The military style of EBM has a "part-human part-machine" gestalt typical of transhumanist or cyberpunk movements. EBM asserts a hyper-masculine image of "triumphalism, combat postures, and paranoia," and is known for its "tough-guy" or machismo attitudes displayed by both men and women. According to Gabi Delgado-López of Deutsch Amerikanische Freundschaft, the duo who adopted an aesthetic of black leather and military paraphernalia in the early 1980s was inspired by the male homosexual sado-masochistic scene and is not meant to represent "machismo ideology" but part of a "role."
Electro-industrial is an outgrowth of the EBM and industrial music that developed in the mid-1980s. While EBM has minimal structures and a clean production, electro-industrial draws on deep, complex and layered sounds, incorporating elements of ambient industrial. Electro-industrial was pioneered by Skinny Puppy, Numb and Mentallo & The Fixer. In the early 1990s, the style spawned the dark electro genre and, in the end of the decade, a strongly techno- and hard-trance-inspired style called "hellektro" or "aggrotech."
Industrial dance is a North American umbrella term for electronic body music and electro-industrial music. Fans associated with these genres call themselves rivetheads.
In general, industrial dance is characterized by its "electronic beats, symphonic keyboard lines, pile-driver rhythms, angst-ridden or sampled vocals, and cyberpunk imagery".
^Various Artists: Liner-Notes of the compilation ‚Music from Belgium‘. Techno Drome International/ZYX Records, 1988. "This record will show you the roots of Belgian electronic music. Young musicians who don’t want to ride on the New Beat wave. They want to do 100% Aggrepo for your body mechanic!"
^Eva Fischer: Audio-visuelle Tendenzen. Entwicklungen in der Visualisierung elektronischer Musik und in der Clubkultur. Universität Wien, 2009, p. 18.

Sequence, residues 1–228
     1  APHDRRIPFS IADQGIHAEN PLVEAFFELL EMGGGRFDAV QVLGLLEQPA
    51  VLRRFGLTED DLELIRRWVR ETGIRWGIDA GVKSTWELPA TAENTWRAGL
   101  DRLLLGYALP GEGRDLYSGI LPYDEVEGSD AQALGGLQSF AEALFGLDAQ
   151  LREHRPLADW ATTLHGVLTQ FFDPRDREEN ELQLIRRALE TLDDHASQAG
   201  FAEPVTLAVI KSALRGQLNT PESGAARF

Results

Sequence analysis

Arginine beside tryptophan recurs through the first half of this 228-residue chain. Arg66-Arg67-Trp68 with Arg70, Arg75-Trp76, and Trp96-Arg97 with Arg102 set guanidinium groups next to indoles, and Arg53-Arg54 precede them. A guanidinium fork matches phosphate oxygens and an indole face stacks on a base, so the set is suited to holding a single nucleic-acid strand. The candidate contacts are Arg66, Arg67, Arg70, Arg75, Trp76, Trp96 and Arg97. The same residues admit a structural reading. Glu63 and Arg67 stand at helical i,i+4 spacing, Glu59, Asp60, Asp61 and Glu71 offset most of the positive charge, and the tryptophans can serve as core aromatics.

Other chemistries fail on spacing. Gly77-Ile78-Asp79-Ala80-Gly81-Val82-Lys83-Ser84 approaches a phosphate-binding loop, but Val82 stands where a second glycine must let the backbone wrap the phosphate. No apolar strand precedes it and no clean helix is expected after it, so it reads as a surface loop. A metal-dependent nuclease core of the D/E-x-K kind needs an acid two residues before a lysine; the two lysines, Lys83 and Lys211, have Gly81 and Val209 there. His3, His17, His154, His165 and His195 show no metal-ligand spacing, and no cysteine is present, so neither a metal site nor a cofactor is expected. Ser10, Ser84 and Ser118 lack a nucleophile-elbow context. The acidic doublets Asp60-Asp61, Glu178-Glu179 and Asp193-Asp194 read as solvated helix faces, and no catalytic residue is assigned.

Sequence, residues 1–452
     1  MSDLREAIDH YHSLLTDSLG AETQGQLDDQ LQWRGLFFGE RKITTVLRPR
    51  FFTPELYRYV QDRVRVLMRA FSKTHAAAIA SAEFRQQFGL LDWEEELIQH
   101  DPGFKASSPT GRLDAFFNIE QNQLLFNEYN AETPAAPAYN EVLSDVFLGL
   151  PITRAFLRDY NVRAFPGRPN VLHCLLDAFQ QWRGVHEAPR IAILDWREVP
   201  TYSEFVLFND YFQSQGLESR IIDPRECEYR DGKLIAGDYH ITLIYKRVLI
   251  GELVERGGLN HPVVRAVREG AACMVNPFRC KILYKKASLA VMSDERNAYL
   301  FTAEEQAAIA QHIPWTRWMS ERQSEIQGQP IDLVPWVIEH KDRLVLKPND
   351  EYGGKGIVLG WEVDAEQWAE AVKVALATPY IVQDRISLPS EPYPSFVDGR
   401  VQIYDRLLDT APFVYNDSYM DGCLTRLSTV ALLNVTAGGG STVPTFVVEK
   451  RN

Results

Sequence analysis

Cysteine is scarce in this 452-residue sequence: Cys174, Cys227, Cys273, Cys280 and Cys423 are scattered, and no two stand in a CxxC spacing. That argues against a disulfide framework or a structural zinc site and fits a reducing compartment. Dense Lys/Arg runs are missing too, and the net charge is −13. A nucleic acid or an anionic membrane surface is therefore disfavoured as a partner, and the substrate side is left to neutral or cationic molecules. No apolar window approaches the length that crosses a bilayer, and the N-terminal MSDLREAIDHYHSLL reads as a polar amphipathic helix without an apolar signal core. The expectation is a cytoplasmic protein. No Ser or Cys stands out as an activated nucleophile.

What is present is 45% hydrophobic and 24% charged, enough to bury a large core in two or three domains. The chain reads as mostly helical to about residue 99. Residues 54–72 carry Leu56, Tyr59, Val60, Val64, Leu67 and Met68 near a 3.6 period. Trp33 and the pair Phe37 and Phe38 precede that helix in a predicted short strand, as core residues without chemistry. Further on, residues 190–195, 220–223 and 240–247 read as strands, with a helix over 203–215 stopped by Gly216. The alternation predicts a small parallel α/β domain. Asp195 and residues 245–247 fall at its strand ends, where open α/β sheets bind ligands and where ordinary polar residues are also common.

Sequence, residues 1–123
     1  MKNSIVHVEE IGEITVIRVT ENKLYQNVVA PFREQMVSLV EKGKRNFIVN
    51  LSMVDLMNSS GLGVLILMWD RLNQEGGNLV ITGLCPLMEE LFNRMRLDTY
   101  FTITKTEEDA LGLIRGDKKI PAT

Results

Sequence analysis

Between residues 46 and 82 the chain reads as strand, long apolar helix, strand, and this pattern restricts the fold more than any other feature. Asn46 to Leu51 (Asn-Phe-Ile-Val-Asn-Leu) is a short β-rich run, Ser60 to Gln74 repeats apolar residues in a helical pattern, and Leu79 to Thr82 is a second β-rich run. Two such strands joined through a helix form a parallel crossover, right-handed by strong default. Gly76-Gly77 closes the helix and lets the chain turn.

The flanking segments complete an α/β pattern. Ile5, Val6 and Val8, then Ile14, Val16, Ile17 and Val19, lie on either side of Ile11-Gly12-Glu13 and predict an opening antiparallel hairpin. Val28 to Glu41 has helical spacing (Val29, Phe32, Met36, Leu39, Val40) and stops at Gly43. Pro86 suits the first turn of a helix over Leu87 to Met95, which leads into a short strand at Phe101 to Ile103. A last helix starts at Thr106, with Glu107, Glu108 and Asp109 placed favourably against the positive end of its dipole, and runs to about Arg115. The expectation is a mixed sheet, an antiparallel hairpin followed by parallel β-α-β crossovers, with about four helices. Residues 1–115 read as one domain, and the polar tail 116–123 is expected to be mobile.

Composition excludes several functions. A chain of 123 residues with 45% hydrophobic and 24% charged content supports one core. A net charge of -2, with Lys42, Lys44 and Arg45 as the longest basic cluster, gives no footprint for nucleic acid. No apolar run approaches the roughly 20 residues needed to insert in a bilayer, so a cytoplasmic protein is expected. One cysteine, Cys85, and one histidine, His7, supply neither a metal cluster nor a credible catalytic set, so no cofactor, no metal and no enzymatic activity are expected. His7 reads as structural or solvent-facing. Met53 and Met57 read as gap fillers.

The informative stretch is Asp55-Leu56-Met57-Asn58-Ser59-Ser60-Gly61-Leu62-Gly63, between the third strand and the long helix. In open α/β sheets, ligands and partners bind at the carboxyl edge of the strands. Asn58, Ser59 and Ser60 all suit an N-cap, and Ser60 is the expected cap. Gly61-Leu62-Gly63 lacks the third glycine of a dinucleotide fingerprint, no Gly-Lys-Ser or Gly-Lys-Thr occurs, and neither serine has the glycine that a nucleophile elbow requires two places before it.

^Timor Kaul: Some Thoughts on EBM as a transitional genre., Academia.edu, 2016, p. 1.
^ abcTimor Kaul: Electronic Body Music. In: Thomas Hecken, Marcus S. Kleiner: Handbook Popculture. J.B. Metzler Verlag 2017, ISBN3-476-02677-9, p. 102–104.
^Renaat Vandepapeliere: R & S Records Belgium, Localizer 1.0, Die Gestalten Verlag 1995, ISBN3-931-12600-5
^Dan Sicko, Techno Rebels: The Renegades of Electronic Funk, Billboard Books, 1999, p. 142.
^Martin Pesch, Markus Weisbeck: History of Techno and House music. In: Techno Style. Musik, Grafik, Mode und Partykultur der Techno-Bewegung. Edition Olms, Hombrechtikon / Zürich 1996, ISBN3-283-00290-8, p. 11. "1986/87: New bands like Nitzer Ebb, The Klinik and Vomito Negro appear on the scene and gain a large audience of mainly young males."
^Kate Stevens: Freak Nation. A Field Guide to 101 of the Most Odd, Extreme, and Outrageous American Subcultures, Adams Media, 2010, ISBN1-440-50646-9, p. 108.
^ abErnie Rideout, interview with Front 242, Keyboard Presents the Best of the '80s, Backbeat, 2008, p. 57.
^Oerter, Rolf (2005). Spezielle Musikpsychologie. Hogrefe Publishing Group. ISBN9783801705817, p. 443. Quote: "Punk mit elektronischen Elementen und industriellen Gerauschen gemischt -, die sich Mitte der 80er Jahre insbesondere in den Benelux-Ländern zur Electronic Body Music (EBM) erweiterte (zu den bekannten Gruppen zählen Front 242 und Nitzer Ebb)"